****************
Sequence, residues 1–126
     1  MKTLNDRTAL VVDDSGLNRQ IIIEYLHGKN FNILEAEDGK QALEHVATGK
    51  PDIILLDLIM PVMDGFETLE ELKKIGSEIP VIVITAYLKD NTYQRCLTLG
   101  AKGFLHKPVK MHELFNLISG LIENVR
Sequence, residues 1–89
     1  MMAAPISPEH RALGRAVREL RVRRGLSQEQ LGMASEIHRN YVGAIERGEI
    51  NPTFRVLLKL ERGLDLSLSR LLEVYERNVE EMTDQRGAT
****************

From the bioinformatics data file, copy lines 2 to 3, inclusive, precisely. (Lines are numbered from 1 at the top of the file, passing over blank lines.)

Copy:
     1  MKTLNDRTAL VVDDSGLNRQ IIIEYLHGKN FNILEAEDGK QALEHVATGK
    51  PDIILLDLIM PVMDGFETLE ELKKIGSEIP VIVITAYLKD NTYQRCLTLG